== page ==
Social changes make it easier than ever to build and maintain relationships that matter. External boundaries such as time zones, location and means of communication have rapidly evolved. People can now share pictures, video, quick thoughts or even their current location with thousands of individuals with just a few clicks of a button. Business is now about rich conversations with an audience all over the world
A manager who regularly steps in to solve a problem for an employee may think that he or she is helping. In fact, this well-intentioned manager is actually limiting – and hurting – the employee. The effective manager enables employees to utilize the full depth and range of their intellect and capabilities. In this article, readers will learn how managers can do that.
What are the vital few differences between Diminishers and Multipliers leaders, and what impact do they have on organizations?”
Competitors are a nice easy target to blame for your lack of success. This is an easy little excuse for avoiding greatness that takes very little effort to think up. “Well, they came up with this idea and now we’re playing catch up…” But why are you playing catch up? Why were you not leading the way in the first place? The answer is you were pretty comfortable with where you were at and were not pushing yourself in the way that your competitor was. Your competitor meanwhile was not sat in his or her comfort zone. In fact your competitor was working on the edge. Your competitor was flying by the seat of his pants. Your competitor was way outside their comfort zone. That’s why they were able to get ahead of you. You can bet that your competitor loves this.
How Your Comfort Zone Can Be Your Real Competitor.
Research has found about 9 zillion things you can do to increase happiness. Of course, you’re probably not doing any of them.
So you want to start? You want something insanely easy to do that research has demonstrated over and over again works.
To be fair, most people don’t really do much to deliberately make their lives happier.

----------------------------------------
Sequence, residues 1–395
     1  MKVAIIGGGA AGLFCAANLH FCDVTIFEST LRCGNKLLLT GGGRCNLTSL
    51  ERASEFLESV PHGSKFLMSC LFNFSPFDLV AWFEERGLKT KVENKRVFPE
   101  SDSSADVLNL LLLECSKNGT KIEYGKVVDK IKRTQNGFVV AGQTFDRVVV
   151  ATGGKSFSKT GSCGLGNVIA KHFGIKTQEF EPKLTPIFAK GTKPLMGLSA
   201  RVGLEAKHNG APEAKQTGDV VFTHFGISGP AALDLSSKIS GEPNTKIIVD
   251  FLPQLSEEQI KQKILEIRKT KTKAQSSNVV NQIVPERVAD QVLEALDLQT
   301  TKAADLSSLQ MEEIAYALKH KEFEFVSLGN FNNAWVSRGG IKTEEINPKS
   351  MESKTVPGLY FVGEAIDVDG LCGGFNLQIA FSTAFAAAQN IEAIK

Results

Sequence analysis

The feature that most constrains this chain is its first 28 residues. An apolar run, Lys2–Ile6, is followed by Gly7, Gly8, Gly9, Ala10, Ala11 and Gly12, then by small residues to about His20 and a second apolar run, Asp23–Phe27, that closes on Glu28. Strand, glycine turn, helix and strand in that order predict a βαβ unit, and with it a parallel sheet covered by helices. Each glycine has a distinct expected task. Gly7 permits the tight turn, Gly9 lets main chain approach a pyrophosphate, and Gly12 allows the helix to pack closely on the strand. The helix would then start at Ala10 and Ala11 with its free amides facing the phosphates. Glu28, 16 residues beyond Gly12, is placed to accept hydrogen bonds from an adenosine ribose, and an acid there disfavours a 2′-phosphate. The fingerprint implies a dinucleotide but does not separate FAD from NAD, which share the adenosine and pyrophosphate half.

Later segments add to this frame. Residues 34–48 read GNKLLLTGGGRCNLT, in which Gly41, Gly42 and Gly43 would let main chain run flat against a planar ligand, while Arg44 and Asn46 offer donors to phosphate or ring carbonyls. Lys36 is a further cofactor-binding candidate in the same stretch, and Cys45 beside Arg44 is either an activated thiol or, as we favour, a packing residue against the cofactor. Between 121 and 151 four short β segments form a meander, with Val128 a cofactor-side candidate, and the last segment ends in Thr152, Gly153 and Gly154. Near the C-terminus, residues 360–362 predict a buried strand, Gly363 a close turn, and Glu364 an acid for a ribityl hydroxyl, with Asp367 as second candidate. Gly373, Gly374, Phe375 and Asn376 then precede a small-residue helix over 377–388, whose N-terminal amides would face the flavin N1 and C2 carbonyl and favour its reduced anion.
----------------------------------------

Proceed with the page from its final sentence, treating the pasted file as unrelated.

What's the simple thing that most people naturally do in the world to make them so happy?
An article to savour.
One of the most astounding facts about the the creation of memories is that it is the result of a biochemical reaction that takes place inside neurons, one particularly common among neurons responsible for our senses. Scientists have recently discovered that our short-term memory — also known as “working memory,” the kind responsible for the “chunking” mechanism that powers our pattern-recognition and creativity — is localized to a few specific areas of the brain. The left hemisphere, for instance, is mostly in charge of verbal and object-oriented tasks. Even so, however, scientists remain mystified by the specific distribution, retrieval, and management of memory.
Are you interested in seeking to understand the seemingly mysterious workings of human memory? Very interesting read.
Ideas like this are absolutely crucial for teachers to know about. This article could be a good way to reform the lesson plans of one teacher, many, or even the way the U.S. public education system works as a whole. Definitely something I will take into consideration as I work towards my desired career.
How do companies create value and achieve competitive advantage in an age of great complexity? This is a question we constantly ask ourselves as we go about our work of helping chief executives and their leadership teams build successful businesses.
When we reflect on our work with the companies we have helped over the years—five hundred or more in all kinds of industries in more than forty countries—what we remember most vividly is rarely the specific problem that caused a business leader to call us in.
Conventional management theories and practices are no match for the dizzying complexity that so many managers face. There’s a better approach. It’s called smart simplicity.